In a partnered approach, leaders can help the team develop respectful, two-way communication, where people are encouraged to innovate and to be creative. This respect and openness flows from the healthcare team to the patient. “The whole system can be healed when we shift the way we relate to one another,” says Potter.

“When we set aside our hierarchy and domination, and set aside our ‘We know best,’” says Pechacek. “We get humble, we learn and we grow.”

Putting Partnership into Practice

Potter and Pechacek are now putting these principles into practice system-wide at Fairview’s M Health in Minneapolis, which has already started to use partnership-based health care as part of its professional practice model.

“The key is to shift the culture. That’s the beauty of partnership-based health care,” says Potter. “You would not go back to abusive structures that harm one another. This shift creates a stable organization where the best practices and the best strategies really have a chance of making a difference.”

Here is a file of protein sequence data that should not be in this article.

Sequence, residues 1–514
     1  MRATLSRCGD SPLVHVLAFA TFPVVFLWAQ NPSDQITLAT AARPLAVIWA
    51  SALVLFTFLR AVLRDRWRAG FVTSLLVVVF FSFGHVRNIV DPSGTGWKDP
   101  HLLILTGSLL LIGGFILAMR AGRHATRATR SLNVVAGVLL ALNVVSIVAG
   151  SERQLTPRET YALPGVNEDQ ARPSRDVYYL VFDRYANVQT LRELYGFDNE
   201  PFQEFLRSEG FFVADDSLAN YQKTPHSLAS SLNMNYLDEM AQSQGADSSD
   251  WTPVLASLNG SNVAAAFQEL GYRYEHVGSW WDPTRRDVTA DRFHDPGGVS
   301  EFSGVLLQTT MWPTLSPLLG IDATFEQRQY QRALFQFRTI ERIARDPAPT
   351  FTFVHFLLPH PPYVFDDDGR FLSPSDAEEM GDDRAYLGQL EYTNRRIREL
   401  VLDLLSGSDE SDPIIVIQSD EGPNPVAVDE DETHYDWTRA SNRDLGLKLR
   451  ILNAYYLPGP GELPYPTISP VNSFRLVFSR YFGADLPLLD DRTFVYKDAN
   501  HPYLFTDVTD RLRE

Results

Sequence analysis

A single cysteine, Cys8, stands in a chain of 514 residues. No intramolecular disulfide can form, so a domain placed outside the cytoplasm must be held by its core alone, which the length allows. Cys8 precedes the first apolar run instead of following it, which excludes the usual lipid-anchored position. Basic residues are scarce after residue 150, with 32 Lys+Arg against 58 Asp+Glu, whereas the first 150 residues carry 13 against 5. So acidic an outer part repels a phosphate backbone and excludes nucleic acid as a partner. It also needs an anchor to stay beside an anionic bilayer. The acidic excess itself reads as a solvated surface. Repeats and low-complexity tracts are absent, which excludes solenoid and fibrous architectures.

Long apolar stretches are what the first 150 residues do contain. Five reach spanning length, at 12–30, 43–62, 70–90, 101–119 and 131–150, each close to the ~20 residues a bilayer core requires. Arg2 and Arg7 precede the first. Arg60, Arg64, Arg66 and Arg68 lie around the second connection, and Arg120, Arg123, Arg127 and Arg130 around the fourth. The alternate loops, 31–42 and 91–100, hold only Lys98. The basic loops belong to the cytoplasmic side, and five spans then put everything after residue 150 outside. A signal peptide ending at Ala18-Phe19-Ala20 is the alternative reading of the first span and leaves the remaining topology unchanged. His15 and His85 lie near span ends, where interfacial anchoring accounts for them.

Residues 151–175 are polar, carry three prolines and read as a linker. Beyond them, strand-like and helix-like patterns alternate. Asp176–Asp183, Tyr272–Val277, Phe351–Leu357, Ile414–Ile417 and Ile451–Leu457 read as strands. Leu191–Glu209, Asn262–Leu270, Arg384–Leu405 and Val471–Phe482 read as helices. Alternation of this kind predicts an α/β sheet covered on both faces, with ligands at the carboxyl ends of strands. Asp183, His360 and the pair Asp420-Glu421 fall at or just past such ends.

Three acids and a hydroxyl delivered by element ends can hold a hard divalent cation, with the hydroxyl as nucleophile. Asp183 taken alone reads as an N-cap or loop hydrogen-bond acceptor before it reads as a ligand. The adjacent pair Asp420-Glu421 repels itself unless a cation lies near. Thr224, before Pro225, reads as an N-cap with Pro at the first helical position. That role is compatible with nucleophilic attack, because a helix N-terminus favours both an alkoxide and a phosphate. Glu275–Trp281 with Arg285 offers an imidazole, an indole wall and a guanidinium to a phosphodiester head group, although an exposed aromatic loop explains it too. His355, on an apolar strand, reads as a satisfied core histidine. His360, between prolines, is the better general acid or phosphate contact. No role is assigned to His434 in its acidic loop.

Breaking Points: Where Breakdowns in Communication Can Harm Patients Most

Recognizing that lawsuits often occur as a result of breakdowns in communication, one task force endeavored to identify key gaps that can be helped by talking, both with patients and among healthcare teams. The group, called PROMISES (Proactive Reduction of Outpatient Malpractice: Improving Safety, Efficiency and Satisfaction), was funded by a grant from the Agency for Healthcare Research and Quality (AHRQ). Here are their five domains — ambulatory care areas at risk for errors that could lead to patient harm.

1. Communication Related to Three Key Risk-prone Processes

Experience with ambulatory malpractice claims point to several high-risk areas, with recurring problems showing up in three processes: (1) test results, (2) referrals and (3) medication instructions/warnings/indications. In each of these areas, communication should be a closed loop; e.g., if a physician orders a referral for a patient, they should know in a timely manner — not a year or two later — if the referral took place or failed, and be sure to follow up with the patient if necessary.